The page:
• Recent Posts: Influencer Relations

    Fersht: some IIAR award-winners “just tick the boxes”

    Fersht: some IIAR award-winners “just tick the boxes”

    Some of the firms mentioned by the IIAR’s analyst team awards fall short of excellence. That’s the verdict of several hundred analysts who took our Analyst Attitude Survey, and of the CEO of one of the top analyst firms. Phil Fersht left the comment below on our criticism of the IIAR awards. We thought we’d reprint it together with the […]

    Do the IIAR awards simply reward large firms?

    Do the IIAR awards simply reward large firms?

    The 2016 Institute for Industry Analyst Relations’ awards seem to be rewarding firms for the scale of their analyst relations, rather than their quality. In a blog post on July 6th, the IIAR awarded IBM the status of best analyst relations teams, with Cisco, Dell and HP as runners-up. Together with Microsoft, which outsources much of its analyst relations to […]

    Unmaking fruit salad: 6 ways to help analysts segment markets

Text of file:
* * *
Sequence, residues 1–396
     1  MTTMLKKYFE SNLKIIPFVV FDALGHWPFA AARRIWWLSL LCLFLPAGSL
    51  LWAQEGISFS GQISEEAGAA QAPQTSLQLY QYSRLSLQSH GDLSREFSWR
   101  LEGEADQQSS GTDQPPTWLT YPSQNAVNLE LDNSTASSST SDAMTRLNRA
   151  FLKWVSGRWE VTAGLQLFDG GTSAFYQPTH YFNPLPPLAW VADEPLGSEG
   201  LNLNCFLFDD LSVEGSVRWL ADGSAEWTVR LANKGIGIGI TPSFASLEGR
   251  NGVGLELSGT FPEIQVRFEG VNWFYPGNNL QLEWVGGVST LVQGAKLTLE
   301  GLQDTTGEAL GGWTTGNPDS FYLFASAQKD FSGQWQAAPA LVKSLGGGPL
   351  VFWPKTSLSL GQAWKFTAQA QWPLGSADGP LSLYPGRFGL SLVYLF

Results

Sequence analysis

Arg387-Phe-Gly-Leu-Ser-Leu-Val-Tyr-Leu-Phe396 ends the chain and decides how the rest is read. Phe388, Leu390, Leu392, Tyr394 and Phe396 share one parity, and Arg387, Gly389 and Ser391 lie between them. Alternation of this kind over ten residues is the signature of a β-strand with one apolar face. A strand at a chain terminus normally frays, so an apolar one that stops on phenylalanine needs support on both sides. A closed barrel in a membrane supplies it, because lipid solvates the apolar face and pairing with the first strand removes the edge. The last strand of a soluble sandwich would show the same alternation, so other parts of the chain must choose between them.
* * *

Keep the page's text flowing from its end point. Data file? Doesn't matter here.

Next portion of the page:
Unmaking fruit salad: 6 ways to help analysts segment markets

     It’s a common challenge for providers: some new or fast-changing market contains very different solutions. Clients want either apples or oranges, but the analyst research reads more like fruit salad. As new solutions come into old markets, or as analysts try to squeeze hot new solutions into their less-exciting coverage areas, it’s increasingly hard for users of analyst research to make […]

    Control in Analyst Attitude Surveys

    Control in Analyst Attitude Surveys

    Because a lot of analysts take part in our Analyst Attitude Surveys, we are able to offer clients what we call a control group. In the language of research, a control group is a group of people who don’t get the treatment that we want to measure the effectiveness of. For example, most firms might be focussed on a top tier […]

    Time for a new direction in AR measurement?

    Time for a new direction in AR measurement?

    Worldwide, Analyst Relations teams are committed to fostering the best information exchange, experiences and trusted relationships with tightly-targetted global industry analysts and influencers. Sometimes the targeting is too narrow and analysts are treated inhumanly. However, the technology buying process is transforming and so must the benchmarking of analyst relationships. There’s already a long-term transformation of analyst relations. Over one-third of technology […]

Acquisitions of analyst firms are likely, so who would be buyers and targets?